If it seems like Roberts is pushing all the right buttons, well, that’s because there seem to be no wrong ones for this team. On Tuesday he shuffled his lineup, sitting super-utilityman and recent leftfielder Enrique Hernández in favor of 35-year-old Andre Ethier, who hadn’t started a game since September. Ethier lined the second pitch he saw into the rightfield stands to tie the game at 1. Roberts also started centerfielder Joc Pederson, who struggled so mightily this summer that he was demoted to Triple A in August with instructions to get his swing back. Pederson doubled and scored the go-ahead run.

With the top of the order awaiting for the third time in the sixth, Roberts let starter Yu Darvish bat with the bases loaded and two out. Darvish faked bunt, then walked on four pitches to drive in a run. He got four more outs on 12 pitches before passing the baton.

Roberts had hoped to avoid using Jansen, who has appeared in every game of the postseason, but once two hitters reached in the ninth, the manager summoned his stopper. Never mind that the score was 6–1. Two nights after Cubs skipper Joe Maddon refused to call on his own closer in a tie game on the road, Jansen retired the side on 12 pitches.

The Dodgers’ favorite cliché this season has been, “It feels like it’s a different guy every night.” Turner, who hit a three-run walk-off home run to win Game 2, fully expected centerfielder Chris Taylor, batting ahead of him, to end the game; when he instead worked a walk, Turner did the honors. Their belief that any of them can provide that moment has allowed them to relax—and in many cases, do it themselves.

Ace Clayton Kershaw is famously reluctant to come out of games, but with the relief corps he now has behind him, he can worry less about pacing himself. Rightfielder and delightful team mascot Yasiel Puig has had his best season since his revelation of a rookie year; he says he can play freely now that he feels less pressure to be a superstar.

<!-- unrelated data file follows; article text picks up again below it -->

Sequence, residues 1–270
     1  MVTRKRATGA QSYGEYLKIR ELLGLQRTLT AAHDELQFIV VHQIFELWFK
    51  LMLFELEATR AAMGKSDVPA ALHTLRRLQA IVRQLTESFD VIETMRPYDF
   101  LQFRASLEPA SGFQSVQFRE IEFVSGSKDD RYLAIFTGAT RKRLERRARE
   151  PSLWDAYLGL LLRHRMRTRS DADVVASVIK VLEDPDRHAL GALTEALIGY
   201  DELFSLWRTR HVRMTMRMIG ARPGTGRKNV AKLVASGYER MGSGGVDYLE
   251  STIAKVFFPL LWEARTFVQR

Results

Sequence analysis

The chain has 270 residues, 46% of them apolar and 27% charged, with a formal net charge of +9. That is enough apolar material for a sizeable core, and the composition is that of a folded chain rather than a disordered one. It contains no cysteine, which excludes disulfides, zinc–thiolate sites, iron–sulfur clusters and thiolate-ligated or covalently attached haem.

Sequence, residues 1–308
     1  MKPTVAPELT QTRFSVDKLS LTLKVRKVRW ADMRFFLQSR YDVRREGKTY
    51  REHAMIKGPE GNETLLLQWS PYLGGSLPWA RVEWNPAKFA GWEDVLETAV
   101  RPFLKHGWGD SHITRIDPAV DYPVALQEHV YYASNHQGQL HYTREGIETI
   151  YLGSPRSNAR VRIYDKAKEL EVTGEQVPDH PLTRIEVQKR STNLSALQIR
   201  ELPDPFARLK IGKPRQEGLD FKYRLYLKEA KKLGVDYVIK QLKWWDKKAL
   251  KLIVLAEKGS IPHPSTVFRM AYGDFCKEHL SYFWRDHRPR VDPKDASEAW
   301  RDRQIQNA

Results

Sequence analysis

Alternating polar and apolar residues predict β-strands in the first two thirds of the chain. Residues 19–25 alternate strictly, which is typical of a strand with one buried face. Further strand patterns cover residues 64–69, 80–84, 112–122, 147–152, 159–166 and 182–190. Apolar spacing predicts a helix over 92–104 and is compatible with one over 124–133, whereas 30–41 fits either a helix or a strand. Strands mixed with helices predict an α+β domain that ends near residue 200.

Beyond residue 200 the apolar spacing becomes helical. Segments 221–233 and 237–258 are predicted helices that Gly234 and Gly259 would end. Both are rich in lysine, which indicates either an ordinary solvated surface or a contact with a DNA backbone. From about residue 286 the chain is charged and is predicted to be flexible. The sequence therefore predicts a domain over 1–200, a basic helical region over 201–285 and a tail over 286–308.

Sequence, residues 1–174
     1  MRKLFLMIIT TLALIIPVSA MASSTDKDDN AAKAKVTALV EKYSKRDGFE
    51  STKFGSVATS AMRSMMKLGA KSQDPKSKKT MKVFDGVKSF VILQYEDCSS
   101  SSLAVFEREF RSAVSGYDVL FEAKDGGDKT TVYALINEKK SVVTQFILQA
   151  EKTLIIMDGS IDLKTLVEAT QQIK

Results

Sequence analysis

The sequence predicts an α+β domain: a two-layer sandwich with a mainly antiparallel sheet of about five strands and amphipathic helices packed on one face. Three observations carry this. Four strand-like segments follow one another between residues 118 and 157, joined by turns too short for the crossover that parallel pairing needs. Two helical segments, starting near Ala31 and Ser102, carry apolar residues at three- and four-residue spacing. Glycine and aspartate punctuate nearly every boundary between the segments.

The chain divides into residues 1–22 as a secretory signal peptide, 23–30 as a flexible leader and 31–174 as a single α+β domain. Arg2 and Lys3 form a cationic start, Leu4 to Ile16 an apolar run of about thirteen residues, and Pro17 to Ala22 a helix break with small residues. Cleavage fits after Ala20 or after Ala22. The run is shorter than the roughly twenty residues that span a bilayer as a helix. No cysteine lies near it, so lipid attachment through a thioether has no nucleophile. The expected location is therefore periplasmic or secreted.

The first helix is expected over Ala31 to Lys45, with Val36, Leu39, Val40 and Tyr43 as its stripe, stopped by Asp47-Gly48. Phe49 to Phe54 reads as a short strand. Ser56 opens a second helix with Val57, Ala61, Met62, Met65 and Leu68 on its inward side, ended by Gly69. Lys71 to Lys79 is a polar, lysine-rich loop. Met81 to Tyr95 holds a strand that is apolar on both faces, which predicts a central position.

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The commitment has extended to even the most uncomfortable of sports situations: life as a role player. Everyone wants to be the star, but you won’t hear many complaints about being the backup infielder for a World Series contender. Part of the Dodgers’ success this season can be attributed to its unparalleled depth. Bench bats Chase Utley and Curtis Granderson have nine All-Star selections between them; the two pitchers who didn’t make the playoff rotation—Kenta Maeda and Hyun-Jin Ryu—could have started for nearly any other team. But Los Angeles can offer an opportunity few others can match, and in turn they have embraced their jobs.

“You don’t know how many opportunities you’re going to get to play this game and be on a team that can win and be successful,” says Ethier. Once a top-flight player in his own right, he is now relegated largely to pinch-hitting and the occasional start. That’s fine with him. He has told Roberts that he just wants to be a part of what the Dodgers are doing. He doesn’t care how.